Footnotes

  1. 1.

    The VPM index and the OMI index both are available online from the website of the NOAA/Earth System Research Laboratory (https://www.esrl.noaa.gov/psd/mjo/mjoindex/).

Notes

Acknowledgements

The authors thank three anonymous reviewers for their helpful comments on an earlier version of the manuscript. XL is grateful to the Joint PhD Training Program (UCAS[2015]37) between the University of the Chinese Academy of Sciences and the Deutscher Akademischer Austausch Dienst (the German Academic Exchange Service) for supporting a 12-month stay at GEOMAR. Support is acknowledged from the German Ministry for Education and Research (BMBF) through MiKlip2, subproject 01LP1517D (ATMOSMODINI). RJG is grateful for continuing support from GEOMAR. The data used in the study is available from data.geomar.de.

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Open AccessThis article is distributed under the terms of the Creative Commons Attribution 4.0 International License (http://creativecommons.org/licenses/by/4.0/), which permits unrestricted use, distribution, and reproduction in any medium, provided you give appropriate credit to the original author(s) and the source, provide a link to the Creative Commons license, and indicate if changes were made.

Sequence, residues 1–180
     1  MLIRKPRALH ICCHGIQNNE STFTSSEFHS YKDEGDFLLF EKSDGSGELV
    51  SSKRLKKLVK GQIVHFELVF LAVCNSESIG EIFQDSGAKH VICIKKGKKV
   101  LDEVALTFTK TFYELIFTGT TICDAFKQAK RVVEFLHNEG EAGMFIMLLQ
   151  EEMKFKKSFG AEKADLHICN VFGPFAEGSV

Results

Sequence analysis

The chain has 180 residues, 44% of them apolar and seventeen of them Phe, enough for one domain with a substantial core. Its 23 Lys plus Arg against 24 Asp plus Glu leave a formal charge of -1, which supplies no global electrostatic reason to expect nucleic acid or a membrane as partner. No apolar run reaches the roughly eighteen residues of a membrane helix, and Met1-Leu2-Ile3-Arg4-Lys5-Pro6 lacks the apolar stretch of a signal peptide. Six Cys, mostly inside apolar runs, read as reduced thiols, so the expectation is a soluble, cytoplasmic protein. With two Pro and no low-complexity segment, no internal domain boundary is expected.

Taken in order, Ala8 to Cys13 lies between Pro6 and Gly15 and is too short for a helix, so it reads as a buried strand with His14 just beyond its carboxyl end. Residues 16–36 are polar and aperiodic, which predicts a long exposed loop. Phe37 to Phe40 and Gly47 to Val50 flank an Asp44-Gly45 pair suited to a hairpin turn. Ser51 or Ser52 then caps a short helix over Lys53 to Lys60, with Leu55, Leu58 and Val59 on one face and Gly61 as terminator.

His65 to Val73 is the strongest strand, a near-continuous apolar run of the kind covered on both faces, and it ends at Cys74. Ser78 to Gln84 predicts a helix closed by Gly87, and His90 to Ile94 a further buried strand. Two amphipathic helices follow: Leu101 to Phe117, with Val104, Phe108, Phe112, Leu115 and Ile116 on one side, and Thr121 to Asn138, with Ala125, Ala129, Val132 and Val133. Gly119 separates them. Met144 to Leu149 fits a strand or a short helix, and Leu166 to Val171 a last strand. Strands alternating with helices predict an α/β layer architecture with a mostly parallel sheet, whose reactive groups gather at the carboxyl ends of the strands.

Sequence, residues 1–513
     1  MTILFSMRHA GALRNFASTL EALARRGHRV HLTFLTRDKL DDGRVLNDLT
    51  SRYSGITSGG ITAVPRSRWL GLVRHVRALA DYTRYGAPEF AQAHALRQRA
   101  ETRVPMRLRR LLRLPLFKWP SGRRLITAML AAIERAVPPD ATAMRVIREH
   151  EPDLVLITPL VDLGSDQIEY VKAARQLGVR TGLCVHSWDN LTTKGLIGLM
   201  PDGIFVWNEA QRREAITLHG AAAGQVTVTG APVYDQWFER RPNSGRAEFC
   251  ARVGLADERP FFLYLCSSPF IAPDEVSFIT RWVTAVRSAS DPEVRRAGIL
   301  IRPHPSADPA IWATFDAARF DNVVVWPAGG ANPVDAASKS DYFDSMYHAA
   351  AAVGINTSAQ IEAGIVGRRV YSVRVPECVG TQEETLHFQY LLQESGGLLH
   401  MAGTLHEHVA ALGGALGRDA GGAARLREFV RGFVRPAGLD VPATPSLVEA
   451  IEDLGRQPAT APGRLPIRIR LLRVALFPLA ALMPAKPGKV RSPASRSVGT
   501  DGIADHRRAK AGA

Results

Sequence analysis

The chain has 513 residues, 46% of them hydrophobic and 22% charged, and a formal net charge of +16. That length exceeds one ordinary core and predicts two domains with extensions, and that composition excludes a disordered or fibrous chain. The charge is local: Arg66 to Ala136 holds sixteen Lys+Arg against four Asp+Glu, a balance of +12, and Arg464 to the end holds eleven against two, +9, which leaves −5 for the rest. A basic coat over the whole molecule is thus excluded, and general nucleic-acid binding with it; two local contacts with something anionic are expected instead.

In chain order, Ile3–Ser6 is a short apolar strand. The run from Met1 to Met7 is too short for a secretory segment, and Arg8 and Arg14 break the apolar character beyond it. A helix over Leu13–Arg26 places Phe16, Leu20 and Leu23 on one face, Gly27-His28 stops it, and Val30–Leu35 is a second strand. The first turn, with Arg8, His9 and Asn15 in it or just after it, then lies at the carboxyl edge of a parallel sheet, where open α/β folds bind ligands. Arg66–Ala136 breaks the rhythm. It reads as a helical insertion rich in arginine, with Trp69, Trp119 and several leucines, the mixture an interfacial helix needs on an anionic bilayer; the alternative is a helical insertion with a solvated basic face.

Authors and Affiliations

  1. 1.State Key Laboratory of Numerical Modeling for Atmospheric Sciences and Geophysical Fluid Dynamics, Institute of Atmospheric PhysicsChinese Academy of SciencesBeijingChina
  2. 2.University of the Chinese Academy of SciencesBeijingChina
  3. 3.Ocean Circulation and Climate DynamicsGEOMAR Helmholtz Centre for Ocean Research KielKielGermany
  4. 4.Faculty of Mathematics and Natural SciencesUniversity of KielKielGermany